Functions of Financial Action Task Force (FATF)

The Financial Action Task Force (FATF) is an inter-governmental body policy making body established in 1989 by the Ministers of its Member jurisdictions. The FATF currently comprises 36 member jurisdictions and 2 regional organisations, representing most major financial centres in all parts of the globe. India is member of FATF since 2010. The current mandate of the FATF (2012-2020) was adopted at a Ministerial meeting in April 2012. Preventing money laundering is one of the most important functions of Financial Action Task Force.
Functions of Financial Action Task Force

History of FATF

In response to mounting concern over money laundering, the Financial Action Task Force on Money Laundering (FATF) was established by the G-7 Summit that was held in Paris in 1989.  Recognising the threat posed to the banking system and to financial institutions, the G-7 Heads of State or Government and President of the European Commission convened the Task Force from the G-7 member States, the European Commission and eight other countries.

Objectives and Functions of Financial Action Task Force (FATF)

The objectives of the FATF are to set standards and promote effective implementation of legal, regulatory and operational measures for combating money laundering, terrorist financing and other related threats to the integrity of the international financial system. In collaboration with other international stakeholders, the FATF works to identify national-level vulnerabilities with the aim of protecting the international financial system from misuse.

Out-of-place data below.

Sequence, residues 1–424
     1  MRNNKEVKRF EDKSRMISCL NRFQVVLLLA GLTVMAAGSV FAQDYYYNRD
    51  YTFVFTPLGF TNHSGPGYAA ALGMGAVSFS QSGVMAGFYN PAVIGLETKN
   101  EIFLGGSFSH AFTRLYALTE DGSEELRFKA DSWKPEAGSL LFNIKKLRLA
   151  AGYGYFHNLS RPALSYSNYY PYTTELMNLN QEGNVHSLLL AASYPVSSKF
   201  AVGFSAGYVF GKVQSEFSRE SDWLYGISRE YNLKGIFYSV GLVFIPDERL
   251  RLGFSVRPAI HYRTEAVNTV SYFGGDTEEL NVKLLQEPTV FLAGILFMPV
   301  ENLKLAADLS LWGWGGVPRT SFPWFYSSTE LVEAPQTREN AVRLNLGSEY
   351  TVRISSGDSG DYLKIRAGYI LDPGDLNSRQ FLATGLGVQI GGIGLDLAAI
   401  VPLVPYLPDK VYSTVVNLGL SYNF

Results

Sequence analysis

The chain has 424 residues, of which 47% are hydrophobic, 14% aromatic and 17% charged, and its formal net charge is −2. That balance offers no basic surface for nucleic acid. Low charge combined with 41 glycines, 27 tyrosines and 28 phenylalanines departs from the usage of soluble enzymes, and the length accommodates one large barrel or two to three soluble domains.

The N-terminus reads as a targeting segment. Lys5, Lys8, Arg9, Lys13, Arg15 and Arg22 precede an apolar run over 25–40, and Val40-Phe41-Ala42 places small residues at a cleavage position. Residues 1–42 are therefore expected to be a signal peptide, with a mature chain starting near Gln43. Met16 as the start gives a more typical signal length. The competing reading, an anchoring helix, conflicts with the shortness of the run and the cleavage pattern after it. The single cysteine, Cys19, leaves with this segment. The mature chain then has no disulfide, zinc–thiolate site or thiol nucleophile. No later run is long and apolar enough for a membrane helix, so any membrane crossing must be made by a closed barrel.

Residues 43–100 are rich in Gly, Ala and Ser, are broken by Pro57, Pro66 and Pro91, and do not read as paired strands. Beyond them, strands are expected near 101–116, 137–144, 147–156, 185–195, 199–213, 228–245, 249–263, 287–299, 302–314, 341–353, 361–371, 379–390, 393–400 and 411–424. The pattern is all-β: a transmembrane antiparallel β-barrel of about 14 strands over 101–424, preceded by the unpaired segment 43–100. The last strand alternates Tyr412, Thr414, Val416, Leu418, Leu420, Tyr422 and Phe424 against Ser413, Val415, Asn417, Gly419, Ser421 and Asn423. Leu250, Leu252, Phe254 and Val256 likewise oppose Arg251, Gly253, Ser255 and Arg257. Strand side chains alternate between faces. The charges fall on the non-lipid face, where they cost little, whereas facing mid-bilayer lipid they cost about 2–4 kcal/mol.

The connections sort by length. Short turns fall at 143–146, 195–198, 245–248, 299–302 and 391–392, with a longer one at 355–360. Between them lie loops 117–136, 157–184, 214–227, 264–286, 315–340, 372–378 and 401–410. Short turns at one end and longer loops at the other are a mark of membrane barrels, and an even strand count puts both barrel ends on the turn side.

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FATF Meetings

The FATF’s decision making body, the FATF Plenary, meets three times per year.

FATF Presidency

The FATF President is a senior official appointed by the FATF Plenary from among its members for a term of one year (see also FATF Presidencies since 1989).

The term of the President begins on 1 July and ends on 30 June of the following year. The President convenes and chairs the meetings of the FATF Plenary and the Steering Group, and he/she oversees the FATF Secretariat.

Mr. Marshall Billingslea of the United States assumed the position of President of the FATF on 1 July 2018. He succeeded Mr. Santiago Otamendi of Argentina

FATF Secretariat

The Secretariat of FATF is located at the OECD Headquarters in Paris.  FATF is headed by Executive Secretary. Since 2015 David Lewis is the Executive Secretary of FATF.

FATF Members

There are currently 38 members of the FATF; 36 jurisdictions and 2 regional organisations (the Gulf Cooperation Council and the European Commission). These 37 Members are at the core of global efforts to combat money laundering and terrorist financing. There are also 31 international and regional organisations which are Associate Members or Observers of the FATF and participate in its work

FATF Recommendations

The FATF has developed a series of Recommendations that are recognised as the international standard for combating of money laundering and the financing of terrorism and proliferation of weapons of mass destruction.  They form the basis for a co-ordinated response to these threats to the integrity of the financial system and help ensure a level playing field.  First issued in 1990, the FATF Recommendations were revised in 1996, 2001, 2003 and most recently in 2012 to ensure that they remain up to date and relevant, and they are intended to be of universal application.

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